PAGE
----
American Horror Story
So that was the finale, I guess? After a season of buildup, Roanoke’s last episode feels less like a satisfying conclusion and more like an hour spent flipping through the channels while you wait for the edibles to kick in.
First we see the cast of My Roanoke Nightmare take the stage at PaleyFest, then we get an episode of Crack’d about Lee’s life after the second season. After that, it’s time for the Lana Winters special. The Asylum character comes out of retirement to interview Lee, followed by the last episode of Spirit Hunters, in which a group of paranormal reality-TV hosts break into the house only to be caught by Lee. That is a lot, and I didn’t really care for any of it.
Instead of rushing to the finish, Roanoke just limped through this last episode, giving us a coda to Lee’s life rather than a satisfying or meaningful conclusion. There isn’t even a shocking twist or a revelation. You’d be forgiven for thinking it seems like a throwaway episode.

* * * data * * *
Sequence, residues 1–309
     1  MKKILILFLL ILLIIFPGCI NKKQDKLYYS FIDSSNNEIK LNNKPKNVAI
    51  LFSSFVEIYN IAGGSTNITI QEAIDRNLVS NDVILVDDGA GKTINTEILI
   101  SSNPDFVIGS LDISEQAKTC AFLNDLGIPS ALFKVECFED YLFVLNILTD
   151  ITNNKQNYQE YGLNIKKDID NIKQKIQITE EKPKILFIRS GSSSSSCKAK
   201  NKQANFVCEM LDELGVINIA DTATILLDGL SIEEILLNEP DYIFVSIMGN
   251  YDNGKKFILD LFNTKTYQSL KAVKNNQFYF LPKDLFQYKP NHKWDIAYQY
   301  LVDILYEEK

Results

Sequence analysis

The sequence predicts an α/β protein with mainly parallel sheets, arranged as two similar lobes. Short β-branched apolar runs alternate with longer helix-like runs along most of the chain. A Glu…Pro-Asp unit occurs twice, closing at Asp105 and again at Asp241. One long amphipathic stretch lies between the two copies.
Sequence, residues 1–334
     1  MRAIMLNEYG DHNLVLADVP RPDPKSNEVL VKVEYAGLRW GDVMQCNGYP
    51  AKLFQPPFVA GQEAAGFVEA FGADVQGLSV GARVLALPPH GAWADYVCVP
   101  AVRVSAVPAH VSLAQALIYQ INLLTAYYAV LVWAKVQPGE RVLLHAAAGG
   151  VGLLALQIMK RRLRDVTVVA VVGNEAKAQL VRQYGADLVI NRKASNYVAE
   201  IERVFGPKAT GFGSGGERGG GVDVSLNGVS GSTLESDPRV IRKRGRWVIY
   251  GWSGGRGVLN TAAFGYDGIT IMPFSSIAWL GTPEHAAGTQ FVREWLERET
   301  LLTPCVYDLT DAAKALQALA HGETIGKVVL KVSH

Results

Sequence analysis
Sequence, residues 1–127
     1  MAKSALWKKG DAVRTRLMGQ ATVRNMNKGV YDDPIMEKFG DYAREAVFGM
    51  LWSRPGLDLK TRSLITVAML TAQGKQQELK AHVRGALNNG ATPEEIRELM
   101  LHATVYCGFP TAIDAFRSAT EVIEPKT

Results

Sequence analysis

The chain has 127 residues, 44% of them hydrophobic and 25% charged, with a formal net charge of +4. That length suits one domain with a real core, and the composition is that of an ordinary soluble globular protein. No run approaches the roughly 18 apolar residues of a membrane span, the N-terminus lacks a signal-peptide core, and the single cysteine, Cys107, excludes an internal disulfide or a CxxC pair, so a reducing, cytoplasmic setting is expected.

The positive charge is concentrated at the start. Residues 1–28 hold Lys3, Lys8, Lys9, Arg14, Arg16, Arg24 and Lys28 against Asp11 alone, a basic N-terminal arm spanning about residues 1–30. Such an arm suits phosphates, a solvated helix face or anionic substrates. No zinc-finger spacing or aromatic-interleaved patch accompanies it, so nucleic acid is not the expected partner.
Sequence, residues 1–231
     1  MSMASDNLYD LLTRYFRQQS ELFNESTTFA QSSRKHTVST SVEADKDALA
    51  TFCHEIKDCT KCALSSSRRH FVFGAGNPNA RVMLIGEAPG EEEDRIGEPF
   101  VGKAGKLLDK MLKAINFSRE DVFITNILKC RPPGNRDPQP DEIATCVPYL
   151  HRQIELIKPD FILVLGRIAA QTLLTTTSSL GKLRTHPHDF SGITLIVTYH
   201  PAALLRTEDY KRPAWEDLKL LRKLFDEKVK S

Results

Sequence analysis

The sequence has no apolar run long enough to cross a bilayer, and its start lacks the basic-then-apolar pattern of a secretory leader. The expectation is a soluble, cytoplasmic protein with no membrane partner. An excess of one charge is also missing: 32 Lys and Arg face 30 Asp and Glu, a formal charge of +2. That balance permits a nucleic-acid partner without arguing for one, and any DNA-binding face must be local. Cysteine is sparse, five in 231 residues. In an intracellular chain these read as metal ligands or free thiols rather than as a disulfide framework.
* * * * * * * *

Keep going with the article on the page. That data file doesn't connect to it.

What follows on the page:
For me, the PaleyFest segment was the worst. It is perhaps the most self-congratulatory scene in all six seasons of this show. Every year, Murphy goes to PaleyFest to make a big announcement about American Horror Story. Is My Roanoke Nightmare supposed to be exactly like American Horror Story now? Is Sidney the producer supposed to be Ryan Murphy? The season has directed slight contempt toward Sidney and his products. Does Ryan Murphy feel that way about himself? Or does he think the world judges his work that way?
Also, all of the fans are freaking out and behaving irrationally. Is that what Murphy thinks of the fans of his show? That we’re all a bunch of rabid animals who ask silly questions and get selfies with our favorite actors? Maybe we are, but why so much contempt for the people who keep his shows on the air? Even worse is when that British fan says, “I think the second season was really quite exploitative, turning what was an artistic achievement into something quite crass.” Is that how we all sound to Murphy? Like a bunch of complainers who make bad fan art?
Also, I still can’t believe that My Roanoke Nightmare or its follow-up series were the highest-rated shows ever. We watched both of them; they weren’t that good! And according to Crack’d, Lee went on to be a best-selling author and highly paid public speaker. Yeah, that’s a bit hard to swallow too. I do buy that she was acquitted for the murders she committed on 3 Days in Hell, though. Who is going to convict a woman who had her ear cut off and watched a bunch of cannibals eat chunks out of her leg? Also, this season should have been called American Horror Story: Lee’s Wig.